Foreign exchange traders are buzzing with talk of a new “Plaza Accord”, following the marked change in the behaviour of the major currencies after the Shanghai G20 meetings in late February.
Since then, the dollar has weakened, just as it did after the Plaza meetings on 22 September 1985. The Chinese renminbi has been falling against its basket, in direct contrast with the “stable basket” exchange rate policy that was publicly emphasisedby PBOC Governor Zhou just before Shanghai. The euro and, especially, the yen have strengthened, in defiance of monetary policy easing by the ECB and the Bank of Japan.
Following Shanghai, the markets have become loathe to push the dollar higher, believing that the G20 may now have come to a co-ordinated agreement, as they did at the Plaza, to reverse the direction of the US currency. Does this comparison make any economic sense?
The Shanghai communique did place increased emphasis on an agreement among the major economies to avoid “competitive devaluations”. The main suspects here were Japan, the Eurozone and (sometimes) China, all of whom have good reasons to push their currencies down. The fact that the communique eschewed this course of action is therefore a reason to believe that the dollar might be subjected to less upward pressure. But that does not make it a new Plaza.
The 1985 Plaza Accord was probably the most dramatic coordinated intervention in the foreign exchange markets since floating currencies began in 1971. The dollar had been rising markedly for several years, largely as a result of Ronald Reagan’s fiscal expansion, combined with Paul Volcker’s monetary squeeze. By 1985, the rise in the dollar was widely agreed to have exceeded economic fundamentals, and most G7 governments thought there were speculative elements involved.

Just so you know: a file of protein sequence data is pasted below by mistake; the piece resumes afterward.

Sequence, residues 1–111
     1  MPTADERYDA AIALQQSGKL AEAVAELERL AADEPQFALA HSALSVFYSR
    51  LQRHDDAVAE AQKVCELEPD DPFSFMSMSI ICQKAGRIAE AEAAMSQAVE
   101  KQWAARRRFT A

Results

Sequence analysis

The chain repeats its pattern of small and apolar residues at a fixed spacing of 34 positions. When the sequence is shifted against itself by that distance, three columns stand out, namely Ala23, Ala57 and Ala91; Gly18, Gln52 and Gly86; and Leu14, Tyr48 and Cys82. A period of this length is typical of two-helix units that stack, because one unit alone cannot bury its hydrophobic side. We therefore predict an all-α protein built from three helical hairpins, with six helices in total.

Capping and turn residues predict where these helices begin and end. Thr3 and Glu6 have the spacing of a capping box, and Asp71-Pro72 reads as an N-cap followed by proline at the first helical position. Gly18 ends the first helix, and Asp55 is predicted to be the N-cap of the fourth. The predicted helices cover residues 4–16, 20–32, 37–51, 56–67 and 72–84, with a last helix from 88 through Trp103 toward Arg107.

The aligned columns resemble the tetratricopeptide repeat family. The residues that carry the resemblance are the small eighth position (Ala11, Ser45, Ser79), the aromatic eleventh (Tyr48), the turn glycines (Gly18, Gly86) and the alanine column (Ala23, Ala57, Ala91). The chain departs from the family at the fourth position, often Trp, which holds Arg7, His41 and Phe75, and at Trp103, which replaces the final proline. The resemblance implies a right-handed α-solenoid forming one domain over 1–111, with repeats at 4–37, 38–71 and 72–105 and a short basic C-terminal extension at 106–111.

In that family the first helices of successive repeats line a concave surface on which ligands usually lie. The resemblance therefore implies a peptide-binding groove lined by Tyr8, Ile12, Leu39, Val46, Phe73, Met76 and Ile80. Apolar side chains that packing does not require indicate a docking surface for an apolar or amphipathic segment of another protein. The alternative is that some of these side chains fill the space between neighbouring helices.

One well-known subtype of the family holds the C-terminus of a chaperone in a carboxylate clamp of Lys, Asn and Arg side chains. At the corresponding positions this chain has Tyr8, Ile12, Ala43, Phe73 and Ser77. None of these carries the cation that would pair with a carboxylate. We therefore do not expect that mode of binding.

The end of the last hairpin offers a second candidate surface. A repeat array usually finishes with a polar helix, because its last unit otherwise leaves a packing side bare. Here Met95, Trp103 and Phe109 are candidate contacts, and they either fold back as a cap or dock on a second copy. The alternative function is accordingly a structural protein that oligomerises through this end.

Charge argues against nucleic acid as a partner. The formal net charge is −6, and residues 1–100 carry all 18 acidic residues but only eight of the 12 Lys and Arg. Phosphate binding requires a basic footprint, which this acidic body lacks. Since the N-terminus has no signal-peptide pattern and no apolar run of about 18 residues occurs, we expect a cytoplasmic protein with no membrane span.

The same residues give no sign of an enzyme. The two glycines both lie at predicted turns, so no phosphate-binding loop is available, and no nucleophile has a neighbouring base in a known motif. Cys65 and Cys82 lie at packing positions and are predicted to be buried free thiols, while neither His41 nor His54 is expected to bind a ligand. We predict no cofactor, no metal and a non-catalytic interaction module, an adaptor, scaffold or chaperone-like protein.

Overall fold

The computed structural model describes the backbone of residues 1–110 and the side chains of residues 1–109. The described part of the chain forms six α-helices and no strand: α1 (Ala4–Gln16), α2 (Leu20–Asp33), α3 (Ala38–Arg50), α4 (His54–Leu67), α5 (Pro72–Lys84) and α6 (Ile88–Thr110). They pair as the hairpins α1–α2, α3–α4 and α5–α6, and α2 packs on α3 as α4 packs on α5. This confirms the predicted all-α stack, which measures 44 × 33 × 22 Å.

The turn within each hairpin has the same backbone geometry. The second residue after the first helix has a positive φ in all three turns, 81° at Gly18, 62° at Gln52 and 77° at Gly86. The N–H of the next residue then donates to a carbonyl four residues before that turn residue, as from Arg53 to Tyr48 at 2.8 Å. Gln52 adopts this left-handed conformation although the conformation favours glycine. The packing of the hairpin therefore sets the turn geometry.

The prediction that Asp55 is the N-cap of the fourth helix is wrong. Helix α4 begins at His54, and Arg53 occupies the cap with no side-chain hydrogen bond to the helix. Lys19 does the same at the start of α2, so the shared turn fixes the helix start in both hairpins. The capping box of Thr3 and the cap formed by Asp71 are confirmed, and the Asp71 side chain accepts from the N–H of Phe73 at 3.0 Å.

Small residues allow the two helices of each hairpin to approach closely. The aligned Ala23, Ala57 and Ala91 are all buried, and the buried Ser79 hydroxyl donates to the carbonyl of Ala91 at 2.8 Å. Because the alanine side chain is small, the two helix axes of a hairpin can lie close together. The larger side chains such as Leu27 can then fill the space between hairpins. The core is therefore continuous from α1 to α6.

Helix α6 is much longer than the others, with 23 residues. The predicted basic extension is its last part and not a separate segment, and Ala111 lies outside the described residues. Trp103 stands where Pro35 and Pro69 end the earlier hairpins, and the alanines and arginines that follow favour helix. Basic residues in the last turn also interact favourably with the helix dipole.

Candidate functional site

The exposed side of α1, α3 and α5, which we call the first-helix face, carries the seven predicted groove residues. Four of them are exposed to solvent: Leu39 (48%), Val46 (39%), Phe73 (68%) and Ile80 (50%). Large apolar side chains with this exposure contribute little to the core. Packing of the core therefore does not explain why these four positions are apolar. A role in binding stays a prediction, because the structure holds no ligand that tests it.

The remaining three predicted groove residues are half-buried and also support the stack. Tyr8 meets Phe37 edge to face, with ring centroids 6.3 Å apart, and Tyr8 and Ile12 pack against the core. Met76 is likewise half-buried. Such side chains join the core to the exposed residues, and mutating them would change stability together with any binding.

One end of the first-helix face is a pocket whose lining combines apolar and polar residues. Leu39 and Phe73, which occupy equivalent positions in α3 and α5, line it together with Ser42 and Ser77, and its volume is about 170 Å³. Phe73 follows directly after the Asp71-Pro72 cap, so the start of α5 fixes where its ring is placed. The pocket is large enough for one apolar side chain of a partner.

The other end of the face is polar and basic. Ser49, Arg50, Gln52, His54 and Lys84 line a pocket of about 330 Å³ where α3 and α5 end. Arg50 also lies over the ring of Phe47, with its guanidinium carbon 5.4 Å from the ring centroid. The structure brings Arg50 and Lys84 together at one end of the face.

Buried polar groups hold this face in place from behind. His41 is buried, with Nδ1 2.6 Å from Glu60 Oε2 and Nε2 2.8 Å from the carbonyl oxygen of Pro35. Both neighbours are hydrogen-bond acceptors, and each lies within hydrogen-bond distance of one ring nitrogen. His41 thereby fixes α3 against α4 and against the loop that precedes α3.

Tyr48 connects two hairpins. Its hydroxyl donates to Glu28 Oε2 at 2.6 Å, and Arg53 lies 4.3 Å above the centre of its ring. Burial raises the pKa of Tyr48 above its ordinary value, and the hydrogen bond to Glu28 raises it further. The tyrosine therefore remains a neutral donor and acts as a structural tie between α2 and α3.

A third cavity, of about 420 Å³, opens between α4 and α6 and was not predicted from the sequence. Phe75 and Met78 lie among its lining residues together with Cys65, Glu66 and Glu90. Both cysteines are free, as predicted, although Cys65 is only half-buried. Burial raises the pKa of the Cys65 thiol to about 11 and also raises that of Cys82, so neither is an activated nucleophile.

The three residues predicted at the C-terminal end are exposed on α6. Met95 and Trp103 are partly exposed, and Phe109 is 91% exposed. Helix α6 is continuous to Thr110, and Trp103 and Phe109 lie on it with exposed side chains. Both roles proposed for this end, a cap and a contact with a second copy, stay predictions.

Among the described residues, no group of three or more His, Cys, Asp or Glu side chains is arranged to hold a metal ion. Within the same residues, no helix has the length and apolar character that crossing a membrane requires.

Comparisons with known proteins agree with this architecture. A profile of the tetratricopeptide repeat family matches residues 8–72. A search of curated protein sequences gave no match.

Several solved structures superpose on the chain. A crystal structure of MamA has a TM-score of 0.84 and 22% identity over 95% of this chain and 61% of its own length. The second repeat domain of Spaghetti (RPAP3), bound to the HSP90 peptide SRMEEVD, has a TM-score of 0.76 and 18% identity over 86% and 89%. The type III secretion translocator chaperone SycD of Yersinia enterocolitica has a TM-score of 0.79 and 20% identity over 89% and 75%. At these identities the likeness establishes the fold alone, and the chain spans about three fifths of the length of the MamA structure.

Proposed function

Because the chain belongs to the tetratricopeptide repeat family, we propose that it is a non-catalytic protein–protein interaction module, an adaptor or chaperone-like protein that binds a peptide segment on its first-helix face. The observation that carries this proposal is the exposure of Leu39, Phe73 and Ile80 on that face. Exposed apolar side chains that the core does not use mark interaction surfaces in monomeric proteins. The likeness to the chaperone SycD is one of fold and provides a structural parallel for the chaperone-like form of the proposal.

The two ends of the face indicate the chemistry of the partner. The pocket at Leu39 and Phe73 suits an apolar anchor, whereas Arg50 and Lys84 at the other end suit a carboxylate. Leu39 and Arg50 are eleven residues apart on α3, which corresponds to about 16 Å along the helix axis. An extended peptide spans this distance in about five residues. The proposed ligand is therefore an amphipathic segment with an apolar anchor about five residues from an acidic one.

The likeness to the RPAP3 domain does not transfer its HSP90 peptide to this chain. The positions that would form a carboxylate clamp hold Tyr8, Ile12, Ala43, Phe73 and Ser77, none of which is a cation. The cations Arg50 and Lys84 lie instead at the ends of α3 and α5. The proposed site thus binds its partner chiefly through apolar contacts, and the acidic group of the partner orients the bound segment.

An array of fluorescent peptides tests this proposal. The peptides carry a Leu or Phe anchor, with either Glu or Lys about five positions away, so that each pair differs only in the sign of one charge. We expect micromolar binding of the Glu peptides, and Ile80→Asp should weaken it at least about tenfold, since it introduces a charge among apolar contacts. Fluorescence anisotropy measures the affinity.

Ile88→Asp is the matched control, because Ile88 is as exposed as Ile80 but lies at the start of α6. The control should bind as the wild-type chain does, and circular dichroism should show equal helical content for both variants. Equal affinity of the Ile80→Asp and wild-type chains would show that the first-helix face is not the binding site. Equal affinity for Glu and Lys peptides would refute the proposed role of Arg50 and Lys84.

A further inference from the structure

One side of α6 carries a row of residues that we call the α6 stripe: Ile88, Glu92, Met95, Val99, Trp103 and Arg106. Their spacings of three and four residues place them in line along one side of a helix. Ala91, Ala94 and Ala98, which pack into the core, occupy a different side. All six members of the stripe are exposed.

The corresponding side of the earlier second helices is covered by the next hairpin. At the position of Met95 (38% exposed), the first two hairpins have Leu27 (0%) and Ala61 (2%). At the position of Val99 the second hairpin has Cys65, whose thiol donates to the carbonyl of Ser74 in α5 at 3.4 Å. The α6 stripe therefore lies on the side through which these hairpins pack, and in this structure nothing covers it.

The strong dollar was at first warmly welcomed by the US Treasury, led by Treasury Secretary Donald Regan and Beryl Sprinkel, the Under Secretary for Monetary Affairs and the icon of free market currency policies at the time. But when the leadership of the Treasury passed to the much more pragmatic James Baker in February 1985, the US attitude began to change. The US manufacturing sector was being squeezed by the overvalued dollar, and Congress was seriously contemplating protectionist policies against Japan and Germany. Something had to be done.
The dollar actually started to fall in April 1985, many months in advance of the Plaza meeting itself. Earlier G7 meetings had discussed foreign exchange interventions, and the Bundesbank was believed to have sold dollars repeatedly in the spring. But it was only when the Plaza statement appeared in September that the slide in the dollar turned into a rout.
From start to finish, the international policy shift surrounding the Plaza meeting caused a 40 per cent decline in the dollar over a period of 3 years. It was the high water mark for co-ordinated global macro-economic policy, and for direct central bank intervention in the currency markets. (See this superb analysis of Plaza by Jeffrey Frankel at the Harvard Kennedy School.)